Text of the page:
By Mary Juetten
Over the past few months, we have been talking to many entrepreneurs about their knowledge-gap around intellectual property (IP) and other important startup matters that actually impact IP or intangibles (and therefore valuation and ultimately their success). This is the first in a three part series detailing the lessons learned by these early stage companies.
First, what do I mean by traditional IP? I often joke that if I had a dollar for every person who told me they didn’t have any IP in their business, and a second dollar for those who think IP is only patents, I would be rich. Traditional IP to me is the patent or trademark protection. That is not to say that copyrights, trade secrets, and so on are not IP—far from it—but the most common IP is patents and trademarks. Unfortunately there remain some big misconceptions around protecting traditional IP.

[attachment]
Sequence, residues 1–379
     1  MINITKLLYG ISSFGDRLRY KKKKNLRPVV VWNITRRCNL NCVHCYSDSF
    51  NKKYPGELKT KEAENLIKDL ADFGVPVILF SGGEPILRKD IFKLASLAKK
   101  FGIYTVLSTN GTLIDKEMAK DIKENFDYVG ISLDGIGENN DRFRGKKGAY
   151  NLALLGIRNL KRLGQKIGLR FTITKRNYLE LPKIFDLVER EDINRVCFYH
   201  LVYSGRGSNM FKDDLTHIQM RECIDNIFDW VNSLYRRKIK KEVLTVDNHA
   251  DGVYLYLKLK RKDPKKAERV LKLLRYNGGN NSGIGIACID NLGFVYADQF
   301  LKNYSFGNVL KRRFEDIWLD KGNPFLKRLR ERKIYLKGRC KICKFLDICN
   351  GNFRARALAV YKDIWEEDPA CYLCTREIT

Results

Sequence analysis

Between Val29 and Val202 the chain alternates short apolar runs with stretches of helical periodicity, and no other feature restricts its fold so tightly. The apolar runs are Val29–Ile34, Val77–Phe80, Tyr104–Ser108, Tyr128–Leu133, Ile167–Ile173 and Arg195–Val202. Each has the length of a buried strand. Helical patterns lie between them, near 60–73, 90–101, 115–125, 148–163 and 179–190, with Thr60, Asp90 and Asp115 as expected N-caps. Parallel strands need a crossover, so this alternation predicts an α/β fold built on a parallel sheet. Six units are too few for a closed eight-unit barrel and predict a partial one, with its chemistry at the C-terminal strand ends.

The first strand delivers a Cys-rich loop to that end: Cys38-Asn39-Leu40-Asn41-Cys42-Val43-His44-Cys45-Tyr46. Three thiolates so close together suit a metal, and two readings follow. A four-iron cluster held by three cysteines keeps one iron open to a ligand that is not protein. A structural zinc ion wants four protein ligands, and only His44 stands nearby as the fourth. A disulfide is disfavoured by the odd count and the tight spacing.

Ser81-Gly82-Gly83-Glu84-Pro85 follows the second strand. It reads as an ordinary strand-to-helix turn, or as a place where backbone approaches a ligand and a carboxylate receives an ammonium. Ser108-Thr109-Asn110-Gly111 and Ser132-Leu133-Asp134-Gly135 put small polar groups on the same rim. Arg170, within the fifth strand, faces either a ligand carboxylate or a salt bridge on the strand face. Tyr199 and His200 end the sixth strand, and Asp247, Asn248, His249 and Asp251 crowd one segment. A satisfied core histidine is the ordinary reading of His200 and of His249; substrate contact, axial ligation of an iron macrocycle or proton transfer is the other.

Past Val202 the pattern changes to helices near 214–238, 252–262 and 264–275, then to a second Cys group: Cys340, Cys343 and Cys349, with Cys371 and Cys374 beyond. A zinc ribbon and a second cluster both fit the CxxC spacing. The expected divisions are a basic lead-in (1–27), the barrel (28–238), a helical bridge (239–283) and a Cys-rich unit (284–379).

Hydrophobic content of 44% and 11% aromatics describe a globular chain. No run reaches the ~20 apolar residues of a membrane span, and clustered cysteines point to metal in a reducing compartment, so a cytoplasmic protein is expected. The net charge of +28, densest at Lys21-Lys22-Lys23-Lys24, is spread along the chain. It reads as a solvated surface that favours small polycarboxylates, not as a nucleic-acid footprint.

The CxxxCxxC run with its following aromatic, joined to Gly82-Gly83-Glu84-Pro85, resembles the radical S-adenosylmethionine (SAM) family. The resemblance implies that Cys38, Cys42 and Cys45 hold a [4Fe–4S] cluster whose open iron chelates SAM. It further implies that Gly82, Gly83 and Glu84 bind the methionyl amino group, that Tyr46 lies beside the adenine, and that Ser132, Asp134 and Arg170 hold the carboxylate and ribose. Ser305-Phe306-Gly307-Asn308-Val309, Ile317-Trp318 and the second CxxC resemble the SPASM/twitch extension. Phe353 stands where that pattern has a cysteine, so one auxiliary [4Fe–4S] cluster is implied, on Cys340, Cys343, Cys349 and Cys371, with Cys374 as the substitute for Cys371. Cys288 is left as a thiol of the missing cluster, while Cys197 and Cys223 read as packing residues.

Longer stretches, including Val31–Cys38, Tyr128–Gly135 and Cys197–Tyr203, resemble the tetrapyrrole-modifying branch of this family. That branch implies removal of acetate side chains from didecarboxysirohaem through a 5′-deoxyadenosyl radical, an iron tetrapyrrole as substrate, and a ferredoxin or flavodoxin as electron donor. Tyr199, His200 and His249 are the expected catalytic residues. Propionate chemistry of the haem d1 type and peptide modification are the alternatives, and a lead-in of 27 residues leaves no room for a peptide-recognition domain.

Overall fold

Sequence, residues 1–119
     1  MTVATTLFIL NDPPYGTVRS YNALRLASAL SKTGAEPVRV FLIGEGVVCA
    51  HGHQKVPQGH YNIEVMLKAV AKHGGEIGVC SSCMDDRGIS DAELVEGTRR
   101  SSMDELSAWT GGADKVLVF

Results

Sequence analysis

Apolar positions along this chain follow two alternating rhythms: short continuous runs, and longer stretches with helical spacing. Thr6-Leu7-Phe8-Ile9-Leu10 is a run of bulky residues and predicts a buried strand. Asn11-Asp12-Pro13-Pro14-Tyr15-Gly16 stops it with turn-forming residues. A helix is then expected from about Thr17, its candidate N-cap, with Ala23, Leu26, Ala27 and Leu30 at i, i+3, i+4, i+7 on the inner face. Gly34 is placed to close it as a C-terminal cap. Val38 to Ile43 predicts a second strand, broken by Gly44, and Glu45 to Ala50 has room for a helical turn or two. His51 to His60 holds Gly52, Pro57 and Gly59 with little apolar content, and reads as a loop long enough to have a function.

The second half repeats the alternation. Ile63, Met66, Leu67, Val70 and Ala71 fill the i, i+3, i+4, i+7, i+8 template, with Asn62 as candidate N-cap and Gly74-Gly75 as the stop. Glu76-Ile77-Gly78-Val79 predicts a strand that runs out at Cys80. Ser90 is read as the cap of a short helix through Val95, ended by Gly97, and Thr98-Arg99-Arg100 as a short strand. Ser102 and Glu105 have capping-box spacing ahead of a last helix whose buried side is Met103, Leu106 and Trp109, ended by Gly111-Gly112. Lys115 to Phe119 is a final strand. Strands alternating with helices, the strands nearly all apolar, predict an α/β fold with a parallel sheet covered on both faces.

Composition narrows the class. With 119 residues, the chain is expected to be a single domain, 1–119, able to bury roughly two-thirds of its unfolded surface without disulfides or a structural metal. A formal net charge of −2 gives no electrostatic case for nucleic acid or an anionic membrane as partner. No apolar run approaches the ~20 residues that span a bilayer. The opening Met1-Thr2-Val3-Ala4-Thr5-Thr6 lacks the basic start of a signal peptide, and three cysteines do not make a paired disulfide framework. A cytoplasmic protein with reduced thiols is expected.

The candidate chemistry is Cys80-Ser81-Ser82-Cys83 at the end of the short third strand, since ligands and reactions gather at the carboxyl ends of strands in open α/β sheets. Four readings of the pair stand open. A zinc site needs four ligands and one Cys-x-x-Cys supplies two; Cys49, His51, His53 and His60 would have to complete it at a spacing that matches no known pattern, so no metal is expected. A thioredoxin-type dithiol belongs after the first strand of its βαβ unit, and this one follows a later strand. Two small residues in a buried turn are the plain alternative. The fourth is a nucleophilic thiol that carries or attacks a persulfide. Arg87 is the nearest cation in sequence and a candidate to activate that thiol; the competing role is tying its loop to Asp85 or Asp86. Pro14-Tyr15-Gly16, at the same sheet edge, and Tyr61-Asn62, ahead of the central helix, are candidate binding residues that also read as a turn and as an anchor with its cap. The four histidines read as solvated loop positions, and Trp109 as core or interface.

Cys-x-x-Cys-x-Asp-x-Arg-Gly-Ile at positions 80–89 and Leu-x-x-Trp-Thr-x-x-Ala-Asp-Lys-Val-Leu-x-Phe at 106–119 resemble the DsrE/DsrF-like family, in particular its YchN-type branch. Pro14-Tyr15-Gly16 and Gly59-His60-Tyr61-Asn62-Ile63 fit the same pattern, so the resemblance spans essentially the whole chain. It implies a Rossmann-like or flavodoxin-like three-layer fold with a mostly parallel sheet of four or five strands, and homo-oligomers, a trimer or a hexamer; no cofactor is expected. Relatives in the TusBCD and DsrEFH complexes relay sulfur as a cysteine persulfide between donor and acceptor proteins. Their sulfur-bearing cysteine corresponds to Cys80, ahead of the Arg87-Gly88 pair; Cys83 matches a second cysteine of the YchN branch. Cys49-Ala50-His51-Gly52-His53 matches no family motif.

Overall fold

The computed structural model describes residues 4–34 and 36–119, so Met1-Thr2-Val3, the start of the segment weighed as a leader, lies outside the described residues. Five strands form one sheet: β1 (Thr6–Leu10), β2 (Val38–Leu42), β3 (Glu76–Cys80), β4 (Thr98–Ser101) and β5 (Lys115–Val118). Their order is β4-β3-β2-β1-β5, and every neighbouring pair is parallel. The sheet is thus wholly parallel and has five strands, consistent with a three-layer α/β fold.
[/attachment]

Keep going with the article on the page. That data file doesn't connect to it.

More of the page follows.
A few brave entrepreneurs have shared their stories to help others learn about the importance of IP identification early and often.
Timing is everything
Phillip Felice, Founder of Bridge Optix, described his recent brush with IP horror in a single sentence: “I realized I have underestimated intellectual property timing importance.” Phillip was weeks away from a public release of his product when he was grilled on his company’s IP protection and strategy. He realized that his patents needed to be filed before his public product release.
We have heard other horror stories where companies have spent thousands on branding for websites, signage, or product packaging without first securing rights to a name, including trademarks. Register and secure rights before spending too much of your limited startup capital.
Location, location, location